More Attention to Patients Can Increase Inflammation Study Effectiveness

(This is part 3 of a 3-part series on Inflammatory Disorders Studies. View part 1 here.View the complete series in our Inflammation eBook.

Patient-reported outcomes, compliance and retention are key components of success.

Recent research contends some underlying immune system response mechanismsCovance Inflammation Studies -BLOG are common to inflammation-related diseases, such as asthma, COPD, psoriasis, rheumatoid arthritis, lupus and inflammatory bowel disease. These diseases are referred to as Immune-Mediated Inflammatory Disorders (IMIDs). There is a significant shift in the approach to managing traditional inflammatory diseases from organ-based symptom relief to tackling common underlying pathways of immune dysregulation which offers the hope of disease modification.

This shift translates into an opportunity for pharmaceutical companies to develop new treatments specifically geared toward modifying disease states, entering new markets and expanding market share. Although IMID trials are known to face a number of challenges that could easily derail efforts, there are ways to proactively address and reduce these challenges. A number of these ways are associated with the role of the patient – here we focus on patient-reported outcomes, patient compliance and retention.

Manage use and integration of patient-reported outcomes (PROs)

PROs play a major role in many inflammation diseases because of the subjective nature of symptomatic improvements in treatment outcomes, such as lessening of joint pain. Misapplication of poor or out-of-context PROs can lead to incomplete and/or spurious data.

To effectively prepare for this challenge, pharmaceutical companies can work with their CROs to carefully select and manage implementation of the appropriate and validated disease-specific PROs. Ideally, this entails integration between clinical development, health economics and outcome research teams, leveraging their collective expertise and experience. The approach provides the following benefits:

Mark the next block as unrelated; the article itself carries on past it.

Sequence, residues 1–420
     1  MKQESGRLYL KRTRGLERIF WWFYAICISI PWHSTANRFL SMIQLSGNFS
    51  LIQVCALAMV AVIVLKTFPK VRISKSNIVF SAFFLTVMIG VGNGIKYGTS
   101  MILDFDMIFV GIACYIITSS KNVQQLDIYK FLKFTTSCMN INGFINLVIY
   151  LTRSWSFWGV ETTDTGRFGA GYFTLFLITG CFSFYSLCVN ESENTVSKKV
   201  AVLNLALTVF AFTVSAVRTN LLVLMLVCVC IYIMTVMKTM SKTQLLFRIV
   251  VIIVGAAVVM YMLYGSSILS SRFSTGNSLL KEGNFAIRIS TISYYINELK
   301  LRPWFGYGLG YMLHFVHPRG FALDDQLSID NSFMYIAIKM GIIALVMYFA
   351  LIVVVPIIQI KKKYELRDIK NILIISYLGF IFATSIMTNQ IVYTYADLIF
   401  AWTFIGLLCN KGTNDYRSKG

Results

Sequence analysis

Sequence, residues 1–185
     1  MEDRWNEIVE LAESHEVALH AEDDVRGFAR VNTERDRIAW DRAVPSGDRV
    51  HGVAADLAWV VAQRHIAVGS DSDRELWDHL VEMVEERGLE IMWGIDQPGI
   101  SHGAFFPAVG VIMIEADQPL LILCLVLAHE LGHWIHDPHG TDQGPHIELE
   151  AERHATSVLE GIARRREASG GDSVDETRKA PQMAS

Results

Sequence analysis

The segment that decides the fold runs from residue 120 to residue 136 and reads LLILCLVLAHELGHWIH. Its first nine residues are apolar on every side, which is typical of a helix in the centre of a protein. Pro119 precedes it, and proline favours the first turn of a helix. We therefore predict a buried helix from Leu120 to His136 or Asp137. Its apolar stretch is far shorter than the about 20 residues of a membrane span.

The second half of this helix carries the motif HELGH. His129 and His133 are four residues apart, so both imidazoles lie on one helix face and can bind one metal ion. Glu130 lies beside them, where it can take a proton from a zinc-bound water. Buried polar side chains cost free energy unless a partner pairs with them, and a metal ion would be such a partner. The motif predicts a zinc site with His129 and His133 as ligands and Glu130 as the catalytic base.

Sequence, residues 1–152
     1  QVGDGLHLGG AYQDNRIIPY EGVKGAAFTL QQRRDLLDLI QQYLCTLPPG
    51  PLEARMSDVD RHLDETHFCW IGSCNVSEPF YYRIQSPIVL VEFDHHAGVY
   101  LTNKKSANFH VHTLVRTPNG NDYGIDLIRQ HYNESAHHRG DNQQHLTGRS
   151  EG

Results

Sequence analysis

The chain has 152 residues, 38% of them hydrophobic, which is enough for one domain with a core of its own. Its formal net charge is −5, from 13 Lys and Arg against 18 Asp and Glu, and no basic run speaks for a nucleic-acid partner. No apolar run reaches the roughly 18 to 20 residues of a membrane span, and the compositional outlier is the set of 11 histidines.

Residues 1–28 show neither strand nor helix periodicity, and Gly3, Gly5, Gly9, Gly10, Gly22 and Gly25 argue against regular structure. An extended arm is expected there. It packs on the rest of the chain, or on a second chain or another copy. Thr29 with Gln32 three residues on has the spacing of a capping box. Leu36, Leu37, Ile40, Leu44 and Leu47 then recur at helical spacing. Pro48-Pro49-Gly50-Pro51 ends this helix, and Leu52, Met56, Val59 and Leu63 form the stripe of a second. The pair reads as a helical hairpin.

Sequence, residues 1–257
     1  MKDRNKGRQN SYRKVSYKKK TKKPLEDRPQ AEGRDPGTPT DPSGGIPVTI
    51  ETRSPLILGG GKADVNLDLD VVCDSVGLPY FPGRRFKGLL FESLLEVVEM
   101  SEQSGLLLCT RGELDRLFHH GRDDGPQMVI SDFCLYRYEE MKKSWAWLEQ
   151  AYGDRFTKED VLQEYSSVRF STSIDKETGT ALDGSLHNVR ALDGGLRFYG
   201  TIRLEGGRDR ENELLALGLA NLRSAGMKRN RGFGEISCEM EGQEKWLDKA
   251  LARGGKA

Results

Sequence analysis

• Clear instructions about expectations for questionnaire or other PRO instrument completion
  • Clear instructions for site personnel to review each instrument as soon as possible after administration so any missing data or clarification can be addressed swiftly

In addition, use of an electronic device for data capture can expedite real-time data capture and integration into the database and minimize errors.

Proactively address patient compliance

Many of the new therapies to address inflammatory diseases are biologics administered by injection. Self-administration of an injectable drug; however, poses several issues, including patient apprehension and poor technique, and can lead to non-compliance and reduced drug efficacy.

Training and continual technique checks are critical to increase patient comfort and compliance with self-administration. During the screening period, placebo doses can be used and observed in the clinic or screening/randomization sites.

Optimize patient retention

Success doesn’t end with recruitment; the patients need to be retained as well, especially when the study requires a long-term commitment, such as rheumatoid arthritis studies with endpoints focused on radiographic response and/or physical function that requires patient follow-up for up to two years.

The following are ways to increase continued patient participation:

  • Leverage pre-existing patient relationships—For indications that are chronic conditions, as such, the majority of patients entered into clinical studies will be already known to investigators. Investigators will have direct involvement with patients and family members during each visit.
  • Educate patients on an ongoing basis—Provide patients with general study updates and health-related information.
  • Send study reminders—Using postcards or text messages, communicating with patients prior to scheduled appointments can keep commitments top of mind. Visual reminders, such as magnets, calendars and notepads can also be effective.
  • Telephone contact—Site staff can phone patients between scheduled appointments to check on well-being and protocol compliance and remind patients of their next scheduled visits.

By taking these steps with patients, you can effectively address the clinical trial challenges IMIDs face.

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About Joan Meyer, Ph.D.

Joan Meyer, Ph.D., is the Operational Strategy & Planning Global Therapeutic Area Head for Inflammation, Infectious Diseases, and General Medicine at Covance. Dr. Meyer has more than 25 years of pharmaceutical and CRO experience, holding leadership positions in project management, strategic marketing, and study start-up. She has also served in leadership roles in the Ohio River Valley and National Arthritis Foundations. Dr. Meyer graduated from St. Mary’s University, Minnesota, with a BA in Biology and BA in Psychology. She received her Master of Science and Ph.D. in Neuroscience from the University of Illinois at Urbana-Champaign, where she taught in the College of Medicine.